Wallis Simpson back in style

Creates stir in England again

Before World War II forced their departure, the Duke and Duchess of Windsor lived in France where they were photographed early in 1939 in Cannes. The duke, who abdicated the British throne in 1936, died in 1972 and his wife in 1986. (Associated Press)Before World War II forced their departure, the Duke and Duchess of Windsor lived in France where they were photographed early in 1939 in Cannes. The duke, who abdicated the British throne in 1936, died in 1972 and his wife in 1986. (Associated Press)

LONDON | Watch out, Kate Middleton. Another royal consort is in the limelight as the royal wedding approaches.

Wallis Simpson, the American divorcee who scandalized Britain and brought down a king in the 1930s, is back in style.

She appears as a character in the Oscar-winning film “The King’s Speech” — as the interloper who lures Edward VIII away from royal duties, thrusting his stammering younger brother George onto the throne. She turns up trailing glamour and menace in the recent British TV series “Upstairs Downstairs” and “Any Human Heart.”

She is the subject of two new biographies, and is the central character in “W.E.,” a forthcoming movie directed by Madonna — one powerful woman examining another.

Her striking sense of style continues to inspire designers well after her death in 1986. Her jewelry sold for $13 million at a Sotheby’s auction, and now fans are even buying her lingerie. One of her scarlet chiffon nightdresses with a cape sold for more than $10,500 at auction Thursday, and her Louis Vuitton vanity case went for $77,500.

Wallis Simpson, the duchess of Windsor, owned several scarlet chiffon nightdresses. One of them (seen here) sold for more than $10,500 at auction Thursday. (Associated Press)

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Wallis Simpson, the duchess of Windsor, owned several scarlet chiffon nightdresses. One ... more >

Style icon, romantic heroine, villain — Simpson is an elusive character. Anne Sebba, whose biography “That Woman: A Life of Wallis Simpson, Duchess of Windsor,” will be published in August, said her enduring fascination rests on that sense of mystery.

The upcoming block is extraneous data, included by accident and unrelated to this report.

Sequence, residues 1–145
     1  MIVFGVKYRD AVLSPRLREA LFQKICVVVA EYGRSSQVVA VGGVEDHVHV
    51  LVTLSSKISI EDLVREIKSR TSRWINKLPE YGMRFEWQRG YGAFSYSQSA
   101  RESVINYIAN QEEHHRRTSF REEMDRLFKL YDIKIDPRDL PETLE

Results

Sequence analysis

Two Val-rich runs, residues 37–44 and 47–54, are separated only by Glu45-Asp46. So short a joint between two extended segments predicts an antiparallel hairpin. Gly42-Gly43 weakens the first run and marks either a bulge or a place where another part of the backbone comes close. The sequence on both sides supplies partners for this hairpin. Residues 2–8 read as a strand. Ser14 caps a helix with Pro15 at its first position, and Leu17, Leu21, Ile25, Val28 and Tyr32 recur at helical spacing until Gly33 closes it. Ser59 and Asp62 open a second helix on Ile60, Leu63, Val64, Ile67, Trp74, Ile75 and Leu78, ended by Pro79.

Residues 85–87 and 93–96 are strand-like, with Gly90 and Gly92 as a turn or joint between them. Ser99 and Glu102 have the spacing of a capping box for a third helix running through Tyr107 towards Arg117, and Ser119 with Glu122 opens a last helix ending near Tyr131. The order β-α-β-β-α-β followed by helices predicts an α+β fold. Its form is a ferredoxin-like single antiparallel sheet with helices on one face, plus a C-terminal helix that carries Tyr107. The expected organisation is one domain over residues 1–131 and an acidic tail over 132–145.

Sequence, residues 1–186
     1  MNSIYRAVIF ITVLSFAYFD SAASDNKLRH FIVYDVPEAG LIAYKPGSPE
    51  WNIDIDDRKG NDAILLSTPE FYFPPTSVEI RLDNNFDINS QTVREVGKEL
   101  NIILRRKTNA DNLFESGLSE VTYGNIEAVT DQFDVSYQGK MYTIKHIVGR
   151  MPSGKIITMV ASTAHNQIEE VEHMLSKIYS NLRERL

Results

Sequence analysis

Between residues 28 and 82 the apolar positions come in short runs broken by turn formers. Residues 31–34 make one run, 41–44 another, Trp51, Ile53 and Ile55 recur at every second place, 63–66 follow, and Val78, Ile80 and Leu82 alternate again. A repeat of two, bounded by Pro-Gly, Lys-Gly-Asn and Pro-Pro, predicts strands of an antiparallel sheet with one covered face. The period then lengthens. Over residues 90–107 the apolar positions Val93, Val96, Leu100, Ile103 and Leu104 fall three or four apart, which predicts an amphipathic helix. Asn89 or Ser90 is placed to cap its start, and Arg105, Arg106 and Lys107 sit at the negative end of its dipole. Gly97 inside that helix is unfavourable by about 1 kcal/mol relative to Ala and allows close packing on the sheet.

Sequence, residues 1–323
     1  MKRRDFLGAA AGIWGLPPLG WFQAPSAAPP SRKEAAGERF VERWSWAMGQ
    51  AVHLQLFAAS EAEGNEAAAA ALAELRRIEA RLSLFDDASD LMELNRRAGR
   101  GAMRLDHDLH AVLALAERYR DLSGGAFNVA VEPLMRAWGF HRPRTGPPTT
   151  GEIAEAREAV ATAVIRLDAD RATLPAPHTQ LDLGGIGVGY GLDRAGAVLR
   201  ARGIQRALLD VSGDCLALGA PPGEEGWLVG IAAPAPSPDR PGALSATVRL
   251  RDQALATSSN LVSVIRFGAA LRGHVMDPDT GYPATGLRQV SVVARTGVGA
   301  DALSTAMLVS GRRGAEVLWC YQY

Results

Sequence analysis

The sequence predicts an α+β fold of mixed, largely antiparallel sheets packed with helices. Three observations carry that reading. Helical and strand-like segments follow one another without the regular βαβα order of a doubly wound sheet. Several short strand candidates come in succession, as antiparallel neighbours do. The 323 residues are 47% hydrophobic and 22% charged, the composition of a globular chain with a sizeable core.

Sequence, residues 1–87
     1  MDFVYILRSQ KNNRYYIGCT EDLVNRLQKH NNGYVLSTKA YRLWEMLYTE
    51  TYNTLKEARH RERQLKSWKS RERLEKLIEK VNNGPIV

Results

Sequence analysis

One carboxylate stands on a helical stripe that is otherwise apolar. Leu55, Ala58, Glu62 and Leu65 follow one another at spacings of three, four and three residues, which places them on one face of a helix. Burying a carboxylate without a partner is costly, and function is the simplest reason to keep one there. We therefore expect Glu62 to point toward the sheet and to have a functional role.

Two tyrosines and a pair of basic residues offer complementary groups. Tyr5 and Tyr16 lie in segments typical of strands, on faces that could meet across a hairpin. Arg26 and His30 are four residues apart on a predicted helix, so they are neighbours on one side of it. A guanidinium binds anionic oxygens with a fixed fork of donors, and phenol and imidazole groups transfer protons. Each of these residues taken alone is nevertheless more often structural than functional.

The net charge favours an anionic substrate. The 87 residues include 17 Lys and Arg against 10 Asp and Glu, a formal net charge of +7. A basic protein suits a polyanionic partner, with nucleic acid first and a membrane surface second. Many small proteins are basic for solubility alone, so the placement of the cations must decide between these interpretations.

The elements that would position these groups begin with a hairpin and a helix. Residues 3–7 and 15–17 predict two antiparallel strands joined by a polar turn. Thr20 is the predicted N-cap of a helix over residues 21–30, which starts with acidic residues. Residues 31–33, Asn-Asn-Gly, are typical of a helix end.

“Why and how did a middle-aged woman, not conventionally beautiful, beyond childbearing years and with two living husbands win over a man so forcefully that he gave up not just a throne but an empire to live with her?” Miss Sebba said.

It’s still possible to feel a frisson of the scandal Simpson caused in 1930s Britain. The divorcee from Baltimore was still married to her second husband when she took up with Edward, then the heir to the British throne.

Reports of the affair were censored in Britain. Newspapers did not report it, and American magazines had offending articles cut out before going on sale. That didn’t stop rumors swirling that Simpson was a spy, a witch, a Nazi sympathizer, a prostitute — she had lived in licentious Shanghai in the 1920s — and even a transsexual.

Torn between duty and passion for Simpson, Edward abdicated the throne in December 1936, announcing in a radio broadcast that “I have found it impossible … to discharge my duties as king as I would wish to do without the help and support of the woman I love.”

The king’s younger brother unexpectedly became King George VI — the story recounted in “The King’s Speech.” Edward and Wallis, now the Duke and Duchess of Windsor and suspected by some of Nazi sympathies, were sent to the Bahamas, where he served as governor. After the war they mostly stayed away from Britain, living a life of nomadic luxury.

Many in Britain never forgave Simpson — including George VI’s wife Elizabeth, who became queen and later queen mother.

She blamed Simpson — whom she referred to witheringly as “that woman” — for forcing her husband onto the throne. She felt the stress contributed to his early death from cancer.

George’s widow became one of Britain’s best-loved royals — the “Queen Mum” — and died in 2002 at the age of 101. Plump and maternal, she was, in the popular imagination, everything the Duchess of Windsor was not.

Wallis had the good clothes,” author Justine Picardie wrote recently in the Daily Telegraph, “but Elizabeth the kind heart.”

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